In that constructive spirit I have a number of questions to raise and one or two points of criticism to offer. I apologise in advance if I missed a point made by the noble Baroness in her opening remarks. She referred to me at a point when my mind was slightly elsewhere. I exonerate her from replying to any of these questions if she has answered them already. Nontheless, I shall ask the questions.

Can the Minister clarify the position as regards the limit of 3,000 hectares on planting in the less-favoured areas during the experimental period? I am not entirely clear whether this is for the whole period at 1,000 hectares per annum or whether it is 3,000 hectares each year. Is that figure of 3,000 hectares included in the total of 36,000 hectares, which is the limit on all planting applications, or is it an additional figure? Perhaps the noble Baroness can make that point clear if she has not done so already.

Baroness Trumpington

My Lords, perhaps I may answer the noble Lord's question now. I covered that point. The figure of 3,000 hectares is included in the 36,000.

Lord Hunt

My Lords, I am covered with shame, but knowing the noble Baroness so well, I can wear it.

My second point is that the scheme relates to grants for future woodland planting and its management. But what about the management of existing pasture woodlands? In my speech on Second Reading on 5th November last year of the Farm Land and Rural Development Bill I pointed to the importance of providing inducements to farmers to maintain their existing woodland which at some time has been converted from pasture. I am not clear yet whether the Forestry Commission's woodland grants scheme may provide for that. On the assumption that it may not (I may be wrong) there would seem to be the provision of grants for that purpose in Section 2(1)(a) of the Farm Land and Rural Development Act, the last half sentence of which makes it clear that grants may be given for planting, or the management of land that has been so converted". Some examples of this land are to be seen—I am now drawing on my personal experience—in the oak woods which flank some of the valleys along the Welsh borders where I live. They are among the glories of that landscape and they must be protected and conserved. Otherwise, their scenic value will he destroyed. Perhaps the Government will reconsider this point in their intended review in 1991 if it not already covered by the woodland grants scheme.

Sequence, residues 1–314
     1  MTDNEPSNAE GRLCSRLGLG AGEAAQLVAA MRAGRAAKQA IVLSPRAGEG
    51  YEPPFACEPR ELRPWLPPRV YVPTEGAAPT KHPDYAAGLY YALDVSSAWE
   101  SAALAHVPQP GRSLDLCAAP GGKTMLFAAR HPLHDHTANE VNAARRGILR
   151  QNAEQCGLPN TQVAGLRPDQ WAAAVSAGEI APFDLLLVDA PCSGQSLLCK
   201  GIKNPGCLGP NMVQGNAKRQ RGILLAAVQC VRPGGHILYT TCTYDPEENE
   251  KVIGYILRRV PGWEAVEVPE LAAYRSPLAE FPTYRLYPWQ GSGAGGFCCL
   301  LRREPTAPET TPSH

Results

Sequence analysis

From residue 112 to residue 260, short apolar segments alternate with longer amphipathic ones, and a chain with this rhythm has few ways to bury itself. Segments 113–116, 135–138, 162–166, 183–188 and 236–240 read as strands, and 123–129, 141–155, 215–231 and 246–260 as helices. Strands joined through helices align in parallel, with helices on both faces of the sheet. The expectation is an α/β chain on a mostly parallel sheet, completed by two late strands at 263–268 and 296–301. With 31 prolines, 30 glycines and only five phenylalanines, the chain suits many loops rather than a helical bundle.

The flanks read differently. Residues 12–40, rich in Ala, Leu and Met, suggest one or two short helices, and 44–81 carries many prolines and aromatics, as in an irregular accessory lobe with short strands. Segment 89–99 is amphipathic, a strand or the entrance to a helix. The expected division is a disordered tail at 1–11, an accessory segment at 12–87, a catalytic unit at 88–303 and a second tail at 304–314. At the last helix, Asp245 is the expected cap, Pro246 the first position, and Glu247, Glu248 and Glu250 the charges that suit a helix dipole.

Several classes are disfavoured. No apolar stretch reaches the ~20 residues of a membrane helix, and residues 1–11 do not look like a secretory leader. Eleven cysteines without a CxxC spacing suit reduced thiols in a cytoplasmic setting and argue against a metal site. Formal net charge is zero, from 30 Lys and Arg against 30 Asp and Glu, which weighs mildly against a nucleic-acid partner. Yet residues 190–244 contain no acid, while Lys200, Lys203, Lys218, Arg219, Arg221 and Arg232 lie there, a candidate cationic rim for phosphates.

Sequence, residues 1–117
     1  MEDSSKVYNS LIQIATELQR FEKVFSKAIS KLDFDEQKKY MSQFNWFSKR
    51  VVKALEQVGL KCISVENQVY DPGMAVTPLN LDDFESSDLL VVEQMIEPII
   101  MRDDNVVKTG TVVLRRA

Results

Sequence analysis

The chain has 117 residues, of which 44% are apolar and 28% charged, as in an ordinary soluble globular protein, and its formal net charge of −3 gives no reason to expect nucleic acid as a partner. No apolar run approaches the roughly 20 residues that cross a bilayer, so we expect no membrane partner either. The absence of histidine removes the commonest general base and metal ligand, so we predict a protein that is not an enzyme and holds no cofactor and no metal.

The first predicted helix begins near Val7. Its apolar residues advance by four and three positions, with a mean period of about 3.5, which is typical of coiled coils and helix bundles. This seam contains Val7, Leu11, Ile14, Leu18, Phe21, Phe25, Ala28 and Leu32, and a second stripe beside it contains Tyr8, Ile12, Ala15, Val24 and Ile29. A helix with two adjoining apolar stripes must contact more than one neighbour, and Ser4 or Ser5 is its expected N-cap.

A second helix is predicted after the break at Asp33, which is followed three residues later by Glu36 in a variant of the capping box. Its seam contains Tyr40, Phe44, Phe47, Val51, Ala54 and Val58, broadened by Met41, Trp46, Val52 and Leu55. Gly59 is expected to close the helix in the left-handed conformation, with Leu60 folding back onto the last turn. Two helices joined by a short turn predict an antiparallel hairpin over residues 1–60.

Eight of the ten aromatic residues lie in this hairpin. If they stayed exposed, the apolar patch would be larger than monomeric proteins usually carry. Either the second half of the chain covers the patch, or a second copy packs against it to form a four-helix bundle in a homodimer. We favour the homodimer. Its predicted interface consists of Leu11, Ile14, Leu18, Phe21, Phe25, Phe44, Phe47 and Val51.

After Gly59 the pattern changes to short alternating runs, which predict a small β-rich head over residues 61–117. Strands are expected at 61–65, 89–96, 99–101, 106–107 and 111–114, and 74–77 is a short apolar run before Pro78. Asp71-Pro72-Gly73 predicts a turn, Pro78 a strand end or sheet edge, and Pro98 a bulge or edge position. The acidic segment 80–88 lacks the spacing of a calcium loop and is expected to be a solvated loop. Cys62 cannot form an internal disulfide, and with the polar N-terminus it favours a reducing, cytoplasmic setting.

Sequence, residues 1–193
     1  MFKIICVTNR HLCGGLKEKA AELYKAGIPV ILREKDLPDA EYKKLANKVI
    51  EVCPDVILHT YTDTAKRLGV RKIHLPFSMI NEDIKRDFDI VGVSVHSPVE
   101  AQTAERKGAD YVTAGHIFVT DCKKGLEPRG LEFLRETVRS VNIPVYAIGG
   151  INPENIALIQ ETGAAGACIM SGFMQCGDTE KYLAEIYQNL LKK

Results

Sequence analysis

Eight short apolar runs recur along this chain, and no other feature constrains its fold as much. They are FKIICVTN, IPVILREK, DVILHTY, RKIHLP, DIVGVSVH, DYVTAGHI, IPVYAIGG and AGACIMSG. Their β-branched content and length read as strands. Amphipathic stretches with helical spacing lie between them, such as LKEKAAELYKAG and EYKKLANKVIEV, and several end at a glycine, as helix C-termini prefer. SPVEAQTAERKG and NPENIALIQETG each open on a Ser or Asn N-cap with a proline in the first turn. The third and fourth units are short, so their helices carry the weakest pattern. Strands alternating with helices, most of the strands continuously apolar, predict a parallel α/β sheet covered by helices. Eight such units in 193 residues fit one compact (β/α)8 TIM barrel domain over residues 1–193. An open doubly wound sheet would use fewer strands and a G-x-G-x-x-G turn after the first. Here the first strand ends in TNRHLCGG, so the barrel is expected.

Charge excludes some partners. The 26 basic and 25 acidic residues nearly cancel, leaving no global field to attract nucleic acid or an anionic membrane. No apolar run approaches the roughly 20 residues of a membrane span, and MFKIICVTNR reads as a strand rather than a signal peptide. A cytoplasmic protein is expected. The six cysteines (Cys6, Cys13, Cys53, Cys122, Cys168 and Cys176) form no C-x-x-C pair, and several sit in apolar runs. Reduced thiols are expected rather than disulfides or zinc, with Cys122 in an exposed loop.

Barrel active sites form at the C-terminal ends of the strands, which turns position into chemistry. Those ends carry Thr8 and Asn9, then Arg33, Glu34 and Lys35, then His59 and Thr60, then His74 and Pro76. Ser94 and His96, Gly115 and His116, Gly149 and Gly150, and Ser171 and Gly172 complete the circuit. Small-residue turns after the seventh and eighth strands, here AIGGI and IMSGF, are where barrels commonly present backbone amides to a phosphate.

My third point is that in her speech on Second Reading of the Bill on 5th November, at col. 1093 of Hansard, the Minister said that consultation with local authorities on planting proposals would, on environmental grounds, take place where the area exceeded 10 hectares. I am concerned about the lack of consultation below that level. For instance, within the permitted total hectarage for all planting there could easily be dozens of schemes which are very small proposals for small blocks of tree planting, the aggregate of which would be highly objectionable environmentally. Surely, an appraisal of the environmental impact should apply right down to the smallest eligible hectarage permitted of one hectare.

In support of that, when he was speaking in the House of Commons Standing Committee B on the order on 13th July, Mr. Gummer said: We will turn down schemes—small and large—which will create environmental damage". So will the Government keep this question under review?